Luminous Buildings: Architecture of the Night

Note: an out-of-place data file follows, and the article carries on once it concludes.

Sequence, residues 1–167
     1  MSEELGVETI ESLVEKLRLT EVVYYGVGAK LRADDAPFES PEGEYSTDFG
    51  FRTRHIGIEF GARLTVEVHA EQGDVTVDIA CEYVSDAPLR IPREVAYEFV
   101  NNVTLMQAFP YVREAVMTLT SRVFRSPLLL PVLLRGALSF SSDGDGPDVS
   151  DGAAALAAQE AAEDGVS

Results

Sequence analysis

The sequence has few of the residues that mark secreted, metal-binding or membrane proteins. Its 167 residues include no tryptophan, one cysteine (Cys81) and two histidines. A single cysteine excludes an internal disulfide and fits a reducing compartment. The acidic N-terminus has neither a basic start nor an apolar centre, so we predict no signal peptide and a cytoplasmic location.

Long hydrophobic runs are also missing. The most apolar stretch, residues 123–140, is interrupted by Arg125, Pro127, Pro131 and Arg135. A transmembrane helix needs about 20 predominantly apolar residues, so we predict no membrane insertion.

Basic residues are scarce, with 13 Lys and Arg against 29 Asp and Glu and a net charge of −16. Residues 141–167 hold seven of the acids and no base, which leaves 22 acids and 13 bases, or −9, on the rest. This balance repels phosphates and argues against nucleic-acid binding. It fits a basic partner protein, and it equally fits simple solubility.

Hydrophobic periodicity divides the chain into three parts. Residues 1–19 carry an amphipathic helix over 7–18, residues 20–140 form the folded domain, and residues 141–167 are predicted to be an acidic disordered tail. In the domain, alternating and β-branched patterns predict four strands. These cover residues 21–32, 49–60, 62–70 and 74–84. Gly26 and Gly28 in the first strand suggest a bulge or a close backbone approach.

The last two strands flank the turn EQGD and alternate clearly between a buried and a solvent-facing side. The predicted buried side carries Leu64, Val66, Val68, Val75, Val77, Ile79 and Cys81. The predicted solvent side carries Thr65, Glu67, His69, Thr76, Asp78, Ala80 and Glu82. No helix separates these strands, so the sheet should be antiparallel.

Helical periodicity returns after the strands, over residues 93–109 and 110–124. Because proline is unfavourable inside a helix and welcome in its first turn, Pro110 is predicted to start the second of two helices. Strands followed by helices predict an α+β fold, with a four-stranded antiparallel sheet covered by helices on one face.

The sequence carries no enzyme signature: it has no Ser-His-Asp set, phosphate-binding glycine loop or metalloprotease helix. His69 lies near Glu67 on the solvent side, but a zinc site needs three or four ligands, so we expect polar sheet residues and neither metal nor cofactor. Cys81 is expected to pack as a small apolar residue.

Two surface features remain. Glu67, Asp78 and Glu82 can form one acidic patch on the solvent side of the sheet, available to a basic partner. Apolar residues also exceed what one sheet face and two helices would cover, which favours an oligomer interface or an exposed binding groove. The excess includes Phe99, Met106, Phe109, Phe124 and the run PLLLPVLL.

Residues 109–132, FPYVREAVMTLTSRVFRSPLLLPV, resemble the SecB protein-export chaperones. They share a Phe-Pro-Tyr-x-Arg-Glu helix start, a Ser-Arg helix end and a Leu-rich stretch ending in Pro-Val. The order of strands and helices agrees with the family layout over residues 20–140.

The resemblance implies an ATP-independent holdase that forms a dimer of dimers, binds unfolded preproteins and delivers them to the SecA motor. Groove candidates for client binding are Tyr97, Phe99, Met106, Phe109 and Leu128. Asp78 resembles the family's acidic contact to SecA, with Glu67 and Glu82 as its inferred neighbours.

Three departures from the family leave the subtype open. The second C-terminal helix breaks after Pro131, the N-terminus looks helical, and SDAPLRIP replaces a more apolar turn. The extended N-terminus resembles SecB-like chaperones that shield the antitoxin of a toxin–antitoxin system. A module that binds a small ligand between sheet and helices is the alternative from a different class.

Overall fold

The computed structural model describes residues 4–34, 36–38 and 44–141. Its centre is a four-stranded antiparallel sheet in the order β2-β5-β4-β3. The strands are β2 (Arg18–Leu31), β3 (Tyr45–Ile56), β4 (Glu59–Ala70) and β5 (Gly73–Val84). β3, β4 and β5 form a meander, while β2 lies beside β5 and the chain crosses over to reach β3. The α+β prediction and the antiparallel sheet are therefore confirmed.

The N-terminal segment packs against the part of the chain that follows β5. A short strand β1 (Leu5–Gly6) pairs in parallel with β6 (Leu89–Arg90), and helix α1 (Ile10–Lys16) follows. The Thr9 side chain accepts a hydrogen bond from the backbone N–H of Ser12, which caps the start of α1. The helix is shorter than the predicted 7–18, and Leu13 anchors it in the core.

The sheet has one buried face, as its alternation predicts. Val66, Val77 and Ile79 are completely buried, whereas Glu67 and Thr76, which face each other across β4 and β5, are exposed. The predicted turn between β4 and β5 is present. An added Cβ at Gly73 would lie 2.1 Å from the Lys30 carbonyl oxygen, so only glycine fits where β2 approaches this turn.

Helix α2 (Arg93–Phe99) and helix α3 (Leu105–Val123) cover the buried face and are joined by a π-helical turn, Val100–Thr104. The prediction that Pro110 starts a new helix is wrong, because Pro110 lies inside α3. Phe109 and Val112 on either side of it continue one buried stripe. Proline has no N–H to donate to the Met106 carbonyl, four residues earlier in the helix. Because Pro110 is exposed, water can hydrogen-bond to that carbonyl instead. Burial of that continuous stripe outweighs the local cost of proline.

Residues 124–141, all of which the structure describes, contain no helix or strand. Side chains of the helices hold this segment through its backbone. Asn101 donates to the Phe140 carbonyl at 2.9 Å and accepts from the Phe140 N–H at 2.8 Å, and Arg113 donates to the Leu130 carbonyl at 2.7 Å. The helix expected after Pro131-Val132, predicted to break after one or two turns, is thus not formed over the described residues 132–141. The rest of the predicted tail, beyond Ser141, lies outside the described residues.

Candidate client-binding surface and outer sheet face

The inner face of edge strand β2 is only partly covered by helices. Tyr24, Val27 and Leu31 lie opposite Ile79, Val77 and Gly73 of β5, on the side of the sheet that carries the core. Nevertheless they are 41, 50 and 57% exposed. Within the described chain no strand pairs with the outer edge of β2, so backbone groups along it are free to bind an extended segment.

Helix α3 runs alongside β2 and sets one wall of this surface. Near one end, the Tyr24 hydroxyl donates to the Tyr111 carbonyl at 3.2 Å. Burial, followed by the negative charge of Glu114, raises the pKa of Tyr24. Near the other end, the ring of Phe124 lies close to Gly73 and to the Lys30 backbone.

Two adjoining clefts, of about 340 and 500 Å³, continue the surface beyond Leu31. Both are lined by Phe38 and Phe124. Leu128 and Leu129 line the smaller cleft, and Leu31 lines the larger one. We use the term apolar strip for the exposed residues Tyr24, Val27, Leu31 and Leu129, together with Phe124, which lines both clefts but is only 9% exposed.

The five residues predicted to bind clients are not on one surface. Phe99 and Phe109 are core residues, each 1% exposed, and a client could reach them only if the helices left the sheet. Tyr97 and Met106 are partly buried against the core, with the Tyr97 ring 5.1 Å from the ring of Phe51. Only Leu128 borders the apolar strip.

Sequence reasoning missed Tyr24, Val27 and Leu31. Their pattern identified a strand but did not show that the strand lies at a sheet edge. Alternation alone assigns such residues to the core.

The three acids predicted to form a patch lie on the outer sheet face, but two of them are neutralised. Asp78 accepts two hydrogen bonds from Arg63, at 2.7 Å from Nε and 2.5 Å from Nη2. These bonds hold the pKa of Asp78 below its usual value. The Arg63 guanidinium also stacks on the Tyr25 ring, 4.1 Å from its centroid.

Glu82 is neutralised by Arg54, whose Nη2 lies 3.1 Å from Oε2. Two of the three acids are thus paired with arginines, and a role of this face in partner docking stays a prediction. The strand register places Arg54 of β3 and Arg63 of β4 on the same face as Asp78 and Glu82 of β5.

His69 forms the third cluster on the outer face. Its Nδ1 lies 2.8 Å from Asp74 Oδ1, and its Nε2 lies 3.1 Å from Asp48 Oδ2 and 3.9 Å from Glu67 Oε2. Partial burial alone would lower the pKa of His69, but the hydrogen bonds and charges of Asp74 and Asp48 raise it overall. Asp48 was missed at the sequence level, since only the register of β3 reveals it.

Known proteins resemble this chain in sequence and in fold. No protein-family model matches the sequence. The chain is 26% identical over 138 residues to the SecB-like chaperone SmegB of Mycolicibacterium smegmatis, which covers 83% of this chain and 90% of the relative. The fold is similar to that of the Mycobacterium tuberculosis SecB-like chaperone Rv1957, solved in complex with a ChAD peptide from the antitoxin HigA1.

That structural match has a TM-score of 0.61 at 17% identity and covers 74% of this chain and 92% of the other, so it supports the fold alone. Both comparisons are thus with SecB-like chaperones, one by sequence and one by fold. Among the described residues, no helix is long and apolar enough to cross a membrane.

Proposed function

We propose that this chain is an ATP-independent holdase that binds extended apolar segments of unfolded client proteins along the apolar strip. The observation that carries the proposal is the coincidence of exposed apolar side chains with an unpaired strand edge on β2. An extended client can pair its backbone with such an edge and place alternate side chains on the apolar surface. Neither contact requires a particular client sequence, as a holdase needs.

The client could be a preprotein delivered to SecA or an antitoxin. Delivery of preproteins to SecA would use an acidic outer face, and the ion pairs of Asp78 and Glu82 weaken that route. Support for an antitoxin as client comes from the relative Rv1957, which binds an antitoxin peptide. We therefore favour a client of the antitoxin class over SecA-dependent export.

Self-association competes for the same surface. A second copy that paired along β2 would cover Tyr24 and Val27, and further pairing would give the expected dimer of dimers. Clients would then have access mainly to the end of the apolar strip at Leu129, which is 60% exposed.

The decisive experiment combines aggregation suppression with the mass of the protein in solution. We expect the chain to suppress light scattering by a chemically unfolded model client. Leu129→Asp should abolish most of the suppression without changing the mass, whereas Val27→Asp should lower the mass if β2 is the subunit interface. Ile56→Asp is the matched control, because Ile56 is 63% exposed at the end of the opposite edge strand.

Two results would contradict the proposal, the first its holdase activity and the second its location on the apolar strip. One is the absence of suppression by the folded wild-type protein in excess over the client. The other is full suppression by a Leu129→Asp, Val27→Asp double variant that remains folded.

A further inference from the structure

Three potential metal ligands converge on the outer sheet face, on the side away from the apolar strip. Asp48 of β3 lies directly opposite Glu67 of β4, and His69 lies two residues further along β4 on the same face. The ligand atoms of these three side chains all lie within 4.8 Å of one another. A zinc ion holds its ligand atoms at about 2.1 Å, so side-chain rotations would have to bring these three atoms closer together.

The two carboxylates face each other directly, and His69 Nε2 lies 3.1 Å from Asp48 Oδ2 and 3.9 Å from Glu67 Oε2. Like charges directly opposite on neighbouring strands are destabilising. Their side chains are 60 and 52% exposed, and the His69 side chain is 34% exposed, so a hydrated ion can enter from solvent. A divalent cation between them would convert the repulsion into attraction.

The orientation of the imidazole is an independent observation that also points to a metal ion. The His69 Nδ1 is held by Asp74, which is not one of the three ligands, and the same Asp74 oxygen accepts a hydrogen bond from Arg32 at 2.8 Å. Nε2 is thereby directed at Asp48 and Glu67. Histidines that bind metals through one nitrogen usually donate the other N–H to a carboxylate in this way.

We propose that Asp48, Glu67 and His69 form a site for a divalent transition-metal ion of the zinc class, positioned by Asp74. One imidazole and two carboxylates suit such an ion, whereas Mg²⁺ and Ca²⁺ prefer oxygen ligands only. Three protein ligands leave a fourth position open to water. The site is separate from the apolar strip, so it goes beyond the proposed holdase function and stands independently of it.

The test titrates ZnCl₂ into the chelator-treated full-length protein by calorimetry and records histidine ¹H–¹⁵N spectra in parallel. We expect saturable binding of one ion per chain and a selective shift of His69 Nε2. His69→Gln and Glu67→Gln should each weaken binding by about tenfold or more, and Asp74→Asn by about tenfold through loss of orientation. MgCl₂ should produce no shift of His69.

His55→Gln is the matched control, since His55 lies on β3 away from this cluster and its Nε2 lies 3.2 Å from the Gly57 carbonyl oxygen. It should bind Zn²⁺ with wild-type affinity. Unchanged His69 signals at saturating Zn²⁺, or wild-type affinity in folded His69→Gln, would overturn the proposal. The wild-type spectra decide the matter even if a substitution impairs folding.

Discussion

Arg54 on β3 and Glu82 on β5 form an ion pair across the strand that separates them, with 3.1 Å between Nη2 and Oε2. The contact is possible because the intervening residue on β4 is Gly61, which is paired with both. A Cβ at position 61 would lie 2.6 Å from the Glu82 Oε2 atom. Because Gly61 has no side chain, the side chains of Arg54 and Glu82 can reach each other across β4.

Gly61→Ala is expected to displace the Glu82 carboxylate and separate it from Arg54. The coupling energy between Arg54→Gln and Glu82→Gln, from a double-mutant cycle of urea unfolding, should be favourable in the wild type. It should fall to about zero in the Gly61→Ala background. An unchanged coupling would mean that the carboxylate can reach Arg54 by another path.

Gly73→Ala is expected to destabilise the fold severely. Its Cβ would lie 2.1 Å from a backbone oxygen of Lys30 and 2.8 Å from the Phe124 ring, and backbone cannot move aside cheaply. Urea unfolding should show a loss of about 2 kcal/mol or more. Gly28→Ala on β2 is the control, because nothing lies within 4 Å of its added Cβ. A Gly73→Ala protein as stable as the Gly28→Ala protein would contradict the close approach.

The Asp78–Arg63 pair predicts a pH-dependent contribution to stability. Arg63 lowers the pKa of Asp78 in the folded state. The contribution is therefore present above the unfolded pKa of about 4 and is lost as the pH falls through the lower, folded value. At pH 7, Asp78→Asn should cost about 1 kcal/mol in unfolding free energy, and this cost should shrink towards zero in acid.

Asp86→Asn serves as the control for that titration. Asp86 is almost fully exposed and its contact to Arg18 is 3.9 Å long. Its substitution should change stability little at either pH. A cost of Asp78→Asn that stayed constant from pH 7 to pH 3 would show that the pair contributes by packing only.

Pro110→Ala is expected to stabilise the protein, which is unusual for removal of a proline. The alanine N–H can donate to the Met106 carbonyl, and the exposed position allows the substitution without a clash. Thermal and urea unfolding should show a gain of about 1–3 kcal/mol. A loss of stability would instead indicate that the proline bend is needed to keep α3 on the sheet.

At the 1889 World’s Fair in Paris, the newly erected Eiffel Tower became one of the first icons of illuminated architecture, a nocturnal “lighthouse.” It was not until decades later, in the 1920s, when a building’s evening facade became a central issue for residential and commercial architects, who began to look for avant-garde and aesthetically striking ways to light up their ever-taller works in all the major cities of the world. Both European and American architects wanted to distance their buildings from the garish electric signage that had come to dominate the street-level cityscape, so they worked with more delicately colored floodlights. Contemporary architects use many of the same techniques today, aided by technological advances that allow them to be implemented in particularly dramatic ways. Among the international roster of buildings considered here, American subjects include Holabird and Root’s 1930 LaSalle-Wacker Building in Chicago and Renzo Piano’s New York Times Tower, scheduled for completion this year. Luminous Buildings: Night Architecture opens a dialogue on the often overlooked but exciting connections between architecture, technology and light, offering points of reference in historical buildings and utopias, more recent designs, paintings and photographs of nighttime facades, and scholarly texts.